The power of the Word of God

2 Timothy is the last we hear of Paul. He is in chains, in Rome, knowing that he is near the end of the race, and he will soon be gone. He has lost most of his former friends, and, to his knowledge, the fruit of much of his work is uncertain. So many had turned away.

Could he have foreseen what God would do with his letters? Could he have foreseen that centuries later a man would invent a printing press for the express purpose of printing his letters and the rest of the Bible, and that it would become the most widely read and most influential document the world has ever known?

Could he have known all this as he waited his execution; cold, lonely, forsaken?

What we can glean from this is to obey God and leave the results up to God, as Paul did. The result will be glory.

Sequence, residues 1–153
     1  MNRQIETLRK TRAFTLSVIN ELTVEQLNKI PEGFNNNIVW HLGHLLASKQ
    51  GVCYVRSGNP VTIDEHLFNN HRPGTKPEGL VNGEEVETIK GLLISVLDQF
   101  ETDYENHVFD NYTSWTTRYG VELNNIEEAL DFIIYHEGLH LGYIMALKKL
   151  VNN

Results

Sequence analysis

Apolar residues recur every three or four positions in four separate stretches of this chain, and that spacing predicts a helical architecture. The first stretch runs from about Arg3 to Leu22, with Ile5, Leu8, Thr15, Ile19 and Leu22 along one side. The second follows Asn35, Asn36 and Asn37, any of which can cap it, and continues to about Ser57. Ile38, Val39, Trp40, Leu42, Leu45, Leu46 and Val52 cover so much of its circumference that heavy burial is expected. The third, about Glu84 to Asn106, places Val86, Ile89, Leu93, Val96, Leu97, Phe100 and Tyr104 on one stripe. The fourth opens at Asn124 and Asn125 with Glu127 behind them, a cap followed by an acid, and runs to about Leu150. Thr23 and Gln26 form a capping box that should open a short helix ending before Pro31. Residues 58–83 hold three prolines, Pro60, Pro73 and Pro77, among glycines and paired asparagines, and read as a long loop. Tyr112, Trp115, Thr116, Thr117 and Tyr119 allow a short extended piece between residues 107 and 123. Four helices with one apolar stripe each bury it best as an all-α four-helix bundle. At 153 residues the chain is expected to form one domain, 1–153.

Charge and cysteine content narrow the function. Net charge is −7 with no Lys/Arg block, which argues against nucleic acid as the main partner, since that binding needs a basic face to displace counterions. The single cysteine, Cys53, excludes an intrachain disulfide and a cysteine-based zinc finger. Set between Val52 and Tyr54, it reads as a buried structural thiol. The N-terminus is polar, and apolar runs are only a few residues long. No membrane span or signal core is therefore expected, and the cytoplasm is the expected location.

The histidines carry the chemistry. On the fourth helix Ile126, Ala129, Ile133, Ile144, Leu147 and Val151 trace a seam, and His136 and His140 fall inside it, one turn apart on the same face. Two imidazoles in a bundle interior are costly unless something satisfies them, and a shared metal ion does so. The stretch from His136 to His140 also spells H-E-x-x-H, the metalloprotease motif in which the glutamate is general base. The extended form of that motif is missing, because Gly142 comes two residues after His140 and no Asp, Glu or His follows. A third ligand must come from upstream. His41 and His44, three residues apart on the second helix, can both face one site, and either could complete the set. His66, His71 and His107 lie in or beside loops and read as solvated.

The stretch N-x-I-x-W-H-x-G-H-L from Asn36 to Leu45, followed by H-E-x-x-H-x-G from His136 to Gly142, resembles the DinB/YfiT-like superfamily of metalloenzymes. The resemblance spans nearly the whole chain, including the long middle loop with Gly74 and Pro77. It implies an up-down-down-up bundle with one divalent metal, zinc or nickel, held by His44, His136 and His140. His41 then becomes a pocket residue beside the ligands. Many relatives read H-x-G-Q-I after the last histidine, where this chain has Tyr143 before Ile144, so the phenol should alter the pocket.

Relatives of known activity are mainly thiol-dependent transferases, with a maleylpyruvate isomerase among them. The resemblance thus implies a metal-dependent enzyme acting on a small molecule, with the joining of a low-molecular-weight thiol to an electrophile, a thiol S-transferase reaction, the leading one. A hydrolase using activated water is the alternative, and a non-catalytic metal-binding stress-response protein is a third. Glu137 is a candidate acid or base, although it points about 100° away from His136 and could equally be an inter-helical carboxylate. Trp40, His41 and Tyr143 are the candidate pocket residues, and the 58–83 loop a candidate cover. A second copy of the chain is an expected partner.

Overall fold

2 Responses to “The power of the Word of God”

  1. ruthsongs Says:

    Yes, and I doubt he had some grandiose feeling of “destiny” which in today’s charismania actually means something closer to fame and fortune. I think he simply endeavored to be obedient everyday, trusting that Christ in him was his hope of glory.

  2. ian vincent Says:

    Yes. Heavenly destiny, not worldly destiny, eh.

    Brethren, be followers together of me, and mark them who so walk, since you have us for an example. (For many walk, of whom I have told you often, and now tell you even weeping, that they are the enemies of the cross of Christ: Whose end is destruction, whose God is their belly, and whose glory is in their shame, who mind earthly things.) For our citizenship is in heaven; from which also we look for the Savior, the Lord Jesus Christ: Who shall change our humble body, that it may be fashioned like unto his glorious body, according to the working by which he is able even to subdue all things unto himself.
    (Php 3:17-21)

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